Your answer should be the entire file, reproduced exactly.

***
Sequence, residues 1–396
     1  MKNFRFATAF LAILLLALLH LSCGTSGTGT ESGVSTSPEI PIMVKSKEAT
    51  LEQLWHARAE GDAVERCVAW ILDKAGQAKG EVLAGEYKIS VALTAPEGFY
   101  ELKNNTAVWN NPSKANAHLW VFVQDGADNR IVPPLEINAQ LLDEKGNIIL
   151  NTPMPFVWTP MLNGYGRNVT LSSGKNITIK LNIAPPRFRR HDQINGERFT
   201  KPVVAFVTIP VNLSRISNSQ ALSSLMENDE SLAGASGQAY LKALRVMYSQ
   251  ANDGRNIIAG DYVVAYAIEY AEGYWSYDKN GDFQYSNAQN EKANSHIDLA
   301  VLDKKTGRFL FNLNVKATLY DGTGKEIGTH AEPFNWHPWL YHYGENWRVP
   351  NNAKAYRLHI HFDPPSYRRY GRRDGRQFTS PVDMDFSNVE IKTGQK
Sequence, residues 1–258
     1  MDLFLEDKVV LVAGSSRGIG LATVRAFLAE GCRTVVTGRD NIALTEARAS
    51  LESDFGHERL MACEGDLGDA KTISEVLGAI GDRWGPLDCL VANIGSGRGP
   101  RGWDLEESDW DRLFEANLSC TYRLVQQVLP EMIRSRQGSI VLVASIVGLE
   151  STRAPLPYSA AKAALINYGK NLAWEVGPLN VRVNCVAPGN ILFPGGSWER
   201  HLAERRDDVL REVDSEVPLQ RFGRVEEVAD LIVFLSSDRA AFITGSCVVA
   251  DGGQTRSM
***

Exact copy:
Sequence, residues 1–396
     1  MKNFRFATAF LAILLLALLH LSCGTSGTGT ESGVSTSPEI PIMVKSKEAT
    51  LEQLWHARAE GDAVERCVAW ILDKAGQAKG EVLAGEYKIS VALTAPEGFY
   101  ELKNNTAVWN NPSKANAHLW VFVQDGADNR IVPPLEINAQ LLDEKGNIIL
   151  NTPMPFVWTP MLNGYGRNVT LSSGKNITIK LNIAPPRFRR HDQINGERFT
   201  KPVVAFVTIP VNLSRISNSQ ALSSLMENDE SLAGASGQAY LKALRVMYSQ
   251  ANDGRNIIAG DYVVAYAIEY AEGYWSYDKN GDFQYSNAQN EKANSHIDLA
   301  VLDKKTGRFL FNLNVKATLY DGTGKEIGTH AEPFNWHPWL YHYGENWRVP
   351  NNAKAYRLHI HFDPPSYRRY GRRDGRQFTS PVDMDFSNVE IKTGQK
Sequence, residues 1–258
     1  MDLFLEDKVV LVAGSSRGIG LATVRAFLAE GCRTVVTGRD NIALTEARAS
    51  LESDFGHERL MACEGDLGDA KTISEVLGAI GDRWGPLDCL VANIGSGRGP
   101  RGWDLEESDW DRLFEANLSC TYRLVQQVLP EMIRSRQGSI VLVASIVGLE
   151  STRAPLPYSA AKAALINYGK NLAWEVGPLN VRVNCVAPGN ILFPGGSWER
   201  HLAERRDDVL REVDSEVPLQ RFGRVEEVAD LIVFLSSDRA AFITGSCVVA
   251  DGGQTRSM